Ani—Eastern Turkey.


Ani is a site that is not as common as Palmyra in Syria, or Petra in Jordan, even so, the visit to Ani is a must if the traveler finds themselves in Kars. Residing 45 kilometers from Kars, the ruins of Ani sits on the border of Turkey and Armenia.

A person on the street in Kars approached me and asked if I wanted to go to Ani, he said he arranges groups. There is no public transportation out to Ani. The person found four other people that provided a low cost for the excursion.

Ani was once the stately capital of Armenian and a major post of the east-west silk trade route. Ani is situated with three deep ravines creating a solid defense system, the northern plain demanded a double fortified battlement wall.

Ani dates back to 952 CE and experienced the kingdoms of Byzantines in 1045, to lose the area to the Seljuks in 1064. For a time Ani experienced the hands of the kingdom of Georgia the Kurds. The Mongols arrived in 1239 and dispersed everyone, the Mongols found a non-interest in the city and an earthquake in 1319 added to the abandonment of the city of Ani. Once the trade route shifted, Ani became a dead city.

Interesting enough, before the 10th century CE, The Urartians worship the Persian goddess Anahid here at Ani, the equivalent of Aphrodite of Greece that correlates with Mut of Egypt, Ishtar of Babylon, and the list continues. The same fertility goddess that Christendom worships during Easter. The name Ani is derived from Anahid.

For some odd reason, a couple of the people from the group got in their mind that a person could be shot if you approach the border fence; the river gorge borders the two countries that you can observe from the pictures, the fence is on the Turkish side. The Armenia side is controlled by Russia with watchtowers and a military base.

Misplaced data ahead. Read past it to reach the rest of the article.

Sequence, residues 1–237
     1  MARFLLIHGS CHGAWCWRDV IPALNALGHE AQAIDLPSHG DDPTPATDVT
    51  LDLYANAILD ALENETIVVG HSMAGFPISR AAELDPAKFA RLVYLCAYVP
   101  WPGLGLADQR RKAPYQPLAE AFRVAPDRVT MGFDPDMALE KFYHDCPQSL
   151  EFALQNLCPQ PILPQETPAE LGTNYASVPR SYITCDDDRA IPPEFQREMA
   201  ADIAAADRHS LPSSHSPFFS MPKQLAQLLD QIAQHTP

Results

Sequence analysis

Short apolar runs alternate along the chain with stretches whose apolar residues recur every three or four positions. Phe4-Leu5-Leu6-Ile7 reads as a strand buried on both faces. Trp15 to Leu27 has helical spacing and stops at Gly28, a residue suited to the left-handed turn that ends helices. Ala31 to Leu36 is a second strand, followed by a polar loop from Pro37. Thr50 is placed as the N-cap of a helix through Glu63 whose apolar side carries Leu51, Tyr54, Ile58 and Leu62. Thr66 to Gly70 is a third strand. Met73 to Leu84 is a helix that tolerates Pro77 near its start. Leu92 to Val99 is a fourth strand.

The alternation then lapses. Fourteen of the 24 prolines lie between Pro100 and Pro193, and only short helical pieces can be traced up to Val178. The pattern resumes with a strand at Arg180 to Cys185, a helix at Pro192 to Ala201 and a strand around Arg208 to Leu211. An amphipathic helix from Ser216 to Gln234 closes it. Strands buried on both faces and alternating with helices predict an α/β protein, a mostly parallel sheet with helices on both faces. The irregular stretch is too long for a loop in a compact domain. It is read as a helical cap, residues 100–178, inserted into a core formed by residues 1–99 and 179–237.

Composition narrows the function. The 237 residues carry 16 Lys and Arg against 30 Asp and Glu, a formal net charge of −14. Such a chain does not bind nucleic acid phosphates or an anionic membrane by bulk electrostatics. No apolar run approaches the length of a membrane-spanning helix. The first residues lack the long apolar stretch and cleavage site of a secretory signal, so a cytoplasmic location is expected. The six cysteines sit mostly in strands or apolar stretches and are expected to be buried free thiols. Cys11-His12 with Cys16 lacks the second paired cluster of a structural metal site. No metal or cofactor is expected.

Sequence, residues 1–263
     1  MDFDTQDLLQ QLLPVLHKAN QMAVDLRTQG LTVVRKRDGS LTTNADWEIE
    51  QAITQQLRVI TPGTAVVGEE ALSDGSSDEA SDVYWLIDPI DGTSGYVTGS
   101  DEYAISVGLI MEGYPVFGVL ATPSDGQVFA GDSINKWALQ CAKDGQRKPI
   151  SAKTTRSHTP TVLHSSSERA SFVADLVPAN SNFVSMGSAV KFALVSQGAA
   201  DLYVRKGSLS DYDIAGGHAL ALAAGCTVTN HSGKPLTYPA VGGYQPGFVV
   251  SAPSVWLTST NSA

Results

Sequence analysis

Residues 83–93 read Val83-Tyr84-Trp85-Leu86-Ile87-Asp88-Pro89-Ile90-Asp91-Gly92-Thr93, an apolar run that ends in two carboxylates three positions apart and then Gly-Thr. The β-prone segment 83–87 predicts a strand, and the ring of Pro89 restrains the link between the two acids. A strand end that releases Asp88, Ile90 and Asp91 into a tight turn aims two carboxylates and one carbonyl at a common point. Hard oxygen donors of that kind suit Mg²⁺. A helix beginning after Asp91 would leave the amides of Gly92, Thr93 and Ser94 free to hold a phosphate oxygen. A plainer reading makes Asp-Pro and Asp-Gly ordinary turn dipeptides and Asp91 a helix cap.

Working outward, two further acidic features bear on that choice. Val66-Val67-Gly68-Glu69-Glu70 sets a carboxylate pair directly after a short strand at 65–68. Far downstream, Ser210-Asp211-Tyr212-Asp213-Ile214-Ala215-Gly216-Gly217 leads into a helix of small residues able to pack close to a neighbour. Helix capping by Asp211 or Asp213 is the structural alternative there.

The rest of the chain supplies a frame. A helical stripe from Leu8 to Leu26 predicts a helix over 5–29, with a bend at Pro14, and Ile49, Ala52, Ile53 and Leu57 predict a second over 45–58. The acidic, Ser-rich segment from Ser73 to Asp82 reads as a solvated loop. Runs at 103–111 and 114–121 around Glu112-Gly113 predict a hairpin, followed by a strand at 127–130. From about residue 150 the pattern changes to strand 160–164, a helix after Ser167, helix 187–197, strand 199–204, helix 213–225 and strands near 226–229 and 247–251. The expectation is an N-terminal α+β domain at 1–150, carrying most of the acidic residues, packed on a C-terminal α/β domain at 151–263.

It is really amazing what people will believe nowadays, two of the guys avoided climbing the castle because of their fearful thoughts. I tried to explain that humanities fearful perception in life is utter hogwash.

I walked the entire site, and near the fence, and I was shot 7 times. I found some holy water from the church, mixed the holy water with some holy mud and covered each gun shot wound, and presto, I was my normal self, just like any other day. The best part of this experience, I tried some of this holy mud on my face and now I look ten years younger.

An adventurous thought crossed my mind, a person could travel for the purpose of trying (drinking) holy water that exists in the different churches around the world, an 8 ounce glass from each source would be enough. What a wonderful purpose, I guess the person could take on a label as “the holy water traveler”.

The churches that still stand are the Georgian and Armenian style type buildings. Ani is well worth the visit for any type of traveler, the river gorges are a beautiful site. I will have more pictures of Ani in the next post.

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